Styling: One of the most common requirements in building a media player is to be able to skin the UI to match your brand. By default, the player framework ships with a Metro style skin, but you can easily modify the look and feel of the player from CSS or XAML without having to build a custom player.

Open source: the player frameworks ships with full source code under the liberal Ms-Pl license. Crack it open and see how it ticks or make changes to suite your needs.

How similar is it to the existing HTML5 or Silverlight versions of the player framework?

You may already be familiar with the existing HTML5 for the web or Silverlight for the web/desktop and phone versions of the player framework. The Windows 8 version of the framework should feel familiar and is in fact based on much of the same code. However, you should not expect full compatibility. We wanted to make sure the player framework felt like it was made for Windows 8 Metro style apps and it’s respective development model (HTML vs. XAML). We also wanted to meld the two versions and their APIs when it made sense. Lastly, we used this opportunities to make architectural improvements that would better position the framework for a long and bright future.


You’ll find that the player framework has an extensive API chocked full of many useful hooks and features. From 30,000 feet, here is a sampling of features you will find in v1 of the player framework.

  • VOD
  • Progressive video
  • Smooth streaming
  • Rich DVR (Play, pause, stop, fast forward, rewind, skip next & back, seek-able timeline, volume, slow motion, instant replay)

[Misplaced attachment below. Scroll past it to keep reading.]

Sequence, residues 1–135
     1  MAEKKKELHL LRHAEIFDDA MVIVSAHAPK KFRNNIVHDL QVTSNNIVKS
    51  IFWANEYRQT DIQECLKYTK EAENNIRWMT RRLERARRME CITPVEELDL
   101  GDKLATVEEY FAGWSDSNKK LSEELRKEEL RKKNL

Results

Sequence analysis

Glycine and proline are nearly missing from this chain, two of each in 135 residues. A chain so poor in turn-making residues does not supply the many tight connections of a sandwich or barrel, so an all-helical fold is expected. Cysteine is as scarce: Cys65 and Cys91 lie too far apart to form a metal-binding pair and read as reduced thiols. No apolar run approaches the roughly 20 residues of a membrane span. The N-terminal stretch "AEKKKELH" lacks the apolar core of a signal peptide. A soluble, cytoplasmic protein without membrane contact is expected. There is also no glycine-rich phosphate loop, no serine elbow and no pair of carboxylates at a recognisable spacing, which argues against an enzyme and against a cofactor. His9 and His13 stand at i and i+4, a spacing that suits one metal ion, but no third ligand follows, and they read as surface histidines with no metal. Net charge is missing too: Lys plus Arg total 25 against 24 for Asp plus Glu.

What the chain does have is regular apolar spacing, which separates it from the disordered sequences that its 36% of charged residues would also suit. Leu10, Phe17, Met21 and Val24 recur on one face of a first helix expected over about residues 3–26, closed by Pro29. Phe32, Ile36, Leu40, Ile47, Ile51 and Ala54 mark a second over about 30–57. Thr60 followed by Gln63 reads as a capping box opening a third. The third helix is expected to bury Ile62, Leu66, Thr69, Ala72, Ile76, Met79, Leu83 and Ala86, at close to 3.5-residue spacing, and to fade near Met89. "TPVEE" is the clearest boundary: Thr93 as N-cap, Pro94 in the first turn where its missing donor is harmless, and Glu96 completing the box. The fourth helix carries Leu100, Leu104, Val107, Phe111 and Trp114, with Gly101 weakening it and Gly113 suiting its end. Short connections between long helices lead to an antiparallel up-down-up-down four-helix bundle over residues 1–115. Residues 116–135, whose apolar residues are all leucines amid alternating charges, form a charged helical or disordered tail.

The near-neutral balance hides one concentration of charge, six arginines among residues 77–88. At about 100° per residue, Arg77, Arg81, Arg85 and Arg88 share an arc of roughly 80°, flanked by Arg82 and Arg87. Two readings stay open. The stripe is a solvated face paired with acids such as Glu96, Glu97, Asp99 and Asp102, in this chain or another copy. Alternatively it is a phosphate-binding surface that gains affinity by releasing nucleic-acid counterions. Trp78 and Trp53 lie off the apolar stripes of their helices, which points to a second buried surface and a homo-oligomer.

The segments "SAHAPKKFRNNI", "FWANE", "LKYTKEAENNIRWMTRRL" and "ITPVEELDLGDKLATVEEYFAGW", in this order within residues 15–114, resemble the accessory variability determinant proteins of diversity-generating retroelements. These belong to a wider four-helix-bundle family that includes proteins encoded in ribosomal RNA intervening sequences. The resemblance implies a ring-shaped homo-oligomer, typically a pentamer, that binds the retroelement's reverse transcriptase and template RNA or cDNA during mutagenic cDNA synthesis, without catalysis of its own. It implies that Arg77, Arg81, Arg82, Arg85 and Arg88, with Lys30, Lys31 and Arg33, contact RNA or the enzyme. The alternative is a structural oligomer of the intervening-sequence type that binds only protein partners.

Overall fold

• Full screen
  • Closed captions (plain text for Xaml and WebVTT for js)
  • Styling support
  • Buffering and error/retry visual states.
  • Poster image
  • Click-to-play UI to let the user choose to start watching.
  • All features already included with the MediaElement and <Video/>
  • Playlist
  • Chapters
  • Timeline markers
  • Support for localization
  • Compact UI for snapped view
  • Support for DRM (e.g. PlayReady)

What’s next?

The fun doesn’t stop here. We’re already hard at work on more features. Here are some prominent ones in the cards.

  • Adaptive streaming APIs
  • Advertising
  • Audio player
  • TTML closed captions
  • Audio track selection (multi-language audio)
  • Live video

Got feedback?

We’d love to hear your feedback and make sure the player framework offers the features and functionality you need in your apps. We encourage developers to check out the player framework on CodePlex and post feedback on the CodePlex forum.

Hope you enjoy!

Read Full Post »

In my earlier post I created a high level breakdown of the APIs shared by both Silverlight and WinRT…


Here I’m providing a complete reference of all 6,585 public types and 15,248 members included in Silverlight 5 and/or WinRT and where they overlap.

My hope is that this will serve as a reference to Silverlight developers trying to get up to speed with WinRT.

Click here to see the WinRT Genome Project results.



Note: Please let me know if you see an errors or have requests. I’ve only begun to comb over these results myself and will be looking for ways to improve it going forward. Enjoy!

Read Full Post »